Compounding this unfamiliarity, Will Meugniot is barely a Marvel footnote, whose work I have only seen in (and in no way remember from) Howard the Duck #29 and Marvel Team-Up #98, still years away at this point; with two credited inkers, Chiaramonte and Grainger, it’s even harder to assess his pencils, but my gut reaction is that it’s far too stylized for my tastes.  Yet it feels as though he’s only trying to match the spirit of the script, which seems given to weirdness for its own sake, especially in the nature of Plague’s oddly costumed band, and of course I have no idea where any of this is headed.  Why Leon is taken for one of them I can’t imagine, except that he also looks out of the ordinary, and throwing Red Wolf into the mix is just a cherry on top.

Chris: Full disclosure: I only ever bought any of these stories, as back-issues, due to John Byrne’s appearance as penciller for MC #6.  Along those lines – this is another of those short-lived series that isn’t helped by rotating art-teams; we never have the same art team for consecutive issues.  It’s too bad; Meugniot, who doesn’t put in a whole lot of work for Marvel during the Bronze era, does well here, sort of a Ploog-lite.  Meugniot will be back again for MC #5, but I wouldn’t have minded if he’d been the penciller for all five installments.  

I’m not sure what to make of the inks – I think of Chiaramonte and Grainger as having noticeably different styles, and yet I can’t tell where one inker drops out and the other takes over.  Grand Comics Database is no help (again), as they simply list both names, with no page breakdown.  If any member of the esteemed faculty can determine who inked which pages, then award yourself a fur-lined no-prize.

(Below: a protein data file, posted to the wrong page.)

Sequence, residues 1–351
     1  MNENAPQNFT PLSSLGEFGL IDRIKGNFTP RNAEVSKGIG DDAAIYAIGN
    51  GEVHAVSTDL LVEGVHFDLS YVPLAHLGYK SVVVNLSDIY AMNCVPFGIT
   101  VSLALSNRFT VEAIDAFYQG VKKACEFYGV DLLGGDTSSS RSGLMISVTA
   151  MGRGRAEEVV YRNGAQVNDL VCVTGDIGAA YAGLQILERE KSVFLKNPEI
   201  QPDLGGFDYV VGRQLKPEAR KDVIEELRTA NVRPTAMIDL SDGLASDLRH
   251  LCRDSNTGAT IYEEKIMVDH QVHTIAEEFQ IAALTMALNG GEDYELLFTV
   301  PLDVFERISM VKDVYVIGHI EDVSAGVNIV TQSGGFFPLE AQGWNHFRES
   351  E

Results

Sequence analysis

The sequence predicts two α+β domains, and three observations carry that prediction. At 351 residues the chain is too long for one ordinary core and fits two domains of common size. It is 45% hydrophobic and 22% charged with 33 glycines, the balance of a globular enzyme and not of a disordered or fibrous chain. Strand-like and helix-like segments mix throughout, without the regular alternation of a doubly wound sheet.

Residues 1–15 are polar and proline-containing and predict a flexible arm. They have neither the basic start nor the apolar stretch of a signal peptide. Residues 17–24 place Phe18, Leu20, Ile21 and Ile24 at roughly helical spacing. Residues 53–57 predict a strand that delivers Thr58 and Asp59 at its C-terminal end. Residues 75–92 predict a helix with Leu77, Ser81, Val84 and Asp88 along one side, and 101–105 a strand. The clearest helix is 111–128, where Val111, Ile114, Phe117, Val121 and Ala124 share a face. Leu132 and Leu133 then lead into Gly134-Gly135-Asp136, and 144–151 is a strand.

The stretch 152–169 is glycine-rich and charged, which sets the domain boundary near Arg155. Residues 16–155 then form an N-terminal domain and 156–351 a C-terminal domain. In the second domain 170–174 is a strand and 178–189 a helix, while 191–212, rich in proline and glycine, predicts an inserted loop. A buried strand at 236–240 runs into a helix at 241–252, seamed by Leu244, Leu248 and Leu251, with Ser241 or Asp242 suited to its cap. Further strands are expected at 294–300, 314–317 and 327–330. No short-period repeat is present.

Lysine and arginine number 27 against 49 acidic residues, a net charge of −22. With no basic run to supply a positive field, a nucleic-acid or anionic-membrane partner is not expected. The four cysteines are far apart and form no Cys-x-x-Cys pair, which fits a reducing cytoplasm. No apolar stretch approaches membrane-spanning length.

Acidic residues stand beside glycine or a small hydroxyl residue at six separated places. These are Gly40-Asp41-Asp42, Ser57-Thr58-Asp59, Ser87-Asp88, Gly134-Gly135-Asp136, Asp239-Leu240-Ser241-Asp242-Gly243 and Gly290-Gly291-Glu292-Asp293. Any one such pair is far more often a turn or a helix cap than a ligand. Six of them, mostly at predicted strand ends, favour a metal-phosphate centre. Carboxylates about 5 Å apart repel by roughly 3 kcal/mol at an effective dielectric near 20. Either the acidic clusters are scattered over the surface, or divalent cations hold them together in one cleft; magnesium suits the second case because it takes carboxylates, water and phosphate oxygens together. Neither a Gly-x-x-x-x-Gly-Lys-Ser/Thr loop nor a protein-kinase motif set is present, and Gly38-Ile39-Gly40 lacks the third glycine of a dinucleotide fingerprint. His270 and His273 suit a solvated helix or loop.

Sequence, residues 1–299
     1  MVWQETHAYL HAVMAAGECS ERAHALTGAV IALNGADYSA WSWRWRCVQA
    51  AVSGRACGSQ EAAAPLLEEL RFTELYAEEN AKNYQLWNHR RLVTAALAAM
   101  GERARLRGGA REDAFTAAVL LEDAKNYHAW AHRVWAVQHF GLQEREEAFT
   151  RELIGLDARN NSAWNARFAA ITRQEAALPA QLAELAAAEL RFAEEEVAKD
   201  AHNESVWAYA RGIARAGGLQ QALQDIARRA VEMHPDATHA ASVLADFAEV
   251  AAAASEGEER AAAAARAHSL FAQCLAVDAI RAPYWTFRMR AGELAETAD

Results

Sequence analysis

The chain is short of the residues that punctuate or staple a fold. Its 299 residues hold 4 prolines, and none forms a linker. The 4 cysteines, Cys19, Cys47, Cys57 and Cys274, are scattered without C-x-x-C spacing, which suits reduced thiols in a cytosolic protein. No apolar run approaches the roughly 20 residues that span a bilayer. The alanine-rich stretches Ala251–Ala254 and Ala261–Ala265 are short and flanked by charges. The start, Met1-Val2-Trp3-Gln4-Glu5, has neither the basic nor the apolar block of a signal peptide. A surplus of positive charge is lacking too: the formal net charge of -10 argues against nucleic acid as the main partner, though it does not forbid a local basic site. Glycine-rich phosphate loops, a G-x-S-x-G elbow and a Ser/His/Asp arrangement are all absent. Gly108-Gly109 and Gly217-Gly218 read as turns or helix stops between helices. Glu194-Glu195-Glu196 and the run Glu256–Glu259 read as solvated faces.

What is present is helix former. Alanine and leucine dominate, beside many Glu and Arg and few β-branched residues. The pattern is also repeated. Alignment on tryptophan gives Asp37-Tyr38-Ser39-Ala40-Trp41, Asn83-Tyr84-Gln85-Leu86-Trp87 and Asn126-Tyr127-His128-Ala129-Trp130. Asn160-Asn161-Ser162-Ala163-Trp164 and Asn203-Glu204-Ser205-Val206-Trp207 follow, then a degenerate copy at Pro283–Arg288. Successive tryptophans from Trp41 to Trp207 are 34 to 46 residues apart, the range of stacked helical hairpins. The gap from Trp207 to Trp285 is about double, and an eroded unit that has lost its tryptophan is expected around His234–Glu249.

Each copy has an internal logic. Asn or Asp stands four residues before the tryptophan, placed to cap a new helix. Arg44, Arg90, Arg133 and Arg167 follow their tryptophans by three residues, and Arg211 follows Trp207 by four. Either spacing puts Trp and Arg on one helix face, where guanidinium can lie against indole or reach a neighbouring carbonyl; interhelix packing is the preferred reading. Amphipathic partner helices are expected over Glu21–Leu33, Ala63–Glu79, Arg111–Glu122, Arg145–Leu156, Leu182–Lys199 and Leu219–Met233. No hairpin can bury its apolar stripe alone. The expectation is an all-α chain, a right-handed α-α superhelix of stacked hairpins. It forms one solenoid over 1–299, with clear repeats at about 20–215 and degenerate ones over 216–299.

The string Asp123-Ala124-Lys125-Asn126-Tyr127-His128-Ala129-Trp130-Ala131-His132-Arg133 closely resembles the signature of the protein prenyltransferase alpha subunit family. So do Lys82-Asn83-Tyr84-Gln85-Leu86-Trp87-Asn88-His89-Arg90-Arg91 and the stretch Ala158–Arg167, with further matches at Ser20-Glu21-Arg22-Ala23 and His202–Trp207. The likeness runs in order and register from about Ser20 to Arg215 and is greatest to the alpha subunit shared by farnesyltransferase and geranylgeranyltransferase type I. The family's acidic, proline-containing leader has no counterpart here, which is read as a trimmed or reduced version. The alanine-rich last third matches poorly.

Marvel Premiere 28
The Legion of Monsters in
"There's a Mountain on Sunset Boulevard!"
Story by Bill Mantlo
Art by Frank Robbins and Steve Gan
Colors by Janice Cohen
Letters by Karen Mantlo and Gaspar Saladino
Cover by Nick Cardy

Suddenly, out of nowhere, a mountain appears in the middle of Los Angeles and it draws together four supernatural entities: Johnny Blaze, the Ghost Rider; Michael Morbius, the Living Vampire; Ted Sallis, the Man-Thing; and Jack Russell, the Werewolf by Night. The four ascend the mountain and are approached by a golden man sitting atop a golden steed, calling himself the Starseed. He tells the quartet of his origin but Man-Thing, Morbius, and the Werewolf impetuously attack the Starseed for no reason despite Ghost Rider's protests. As he lay dying, the Starseed reveals that he held the power to change all four back into their human persona. Dejected that they've screwed the pooch, the four wander their separate ways. -Peter Enfantino

Peter Enfantino: This could be the biggest hunk of crap I've read in a Marvel funny book since those Human Torch solo stories back in the early 1960s (a run that made the mid-1960s Batman and Batpooch tales look positively Steranko-esque). I'm not sure just what purpose these one-shots serve other than to fill a slot in an established title. There was no way there would be a success coming out of this Demented Monster Defenders one-shot. Ghost Rider is obviously filling the Dr. Strange role and the Werewolf does the same kind of mindless acts as the Hulk. As Matthew astutely points out below, this is a "legion" that has no reason to be together and, while that's not unheard of (you can trace the "shaky partners" routine all the way back to FF #1, of course), here it just plain makes no sense. Did I miss where Angry Young Man-tlo explained how Man-Thing makes it from the swamps of Florida to the asphalt of El Lay in a heartbeat or why the other three are in the vicinity? And why these three? Why Los Angeles and not the streets of Marvel-friendly New Yawk? Why Rocky Horror on horseback? I get the feeling Bill was spending so much of his time whipping up snappy Ghost Rider dialogue like "Get off me, you half-baked Dracula!" and "That refugee from a Lon Chaney film has unhorsed him!" to actually come up with a relevant plot. We get nothing but a phony build-up to an anti-climax.  Some Marvel Monster bickering and then Lord Fauntleroy pops up and is defeated within a couple pages. Can I hear "Phone it in!"? As for the... art... well, my feelings on Frank Robbins are well-known to everyone in these parts so piling on would be like making fun of a Yoko Ono box set.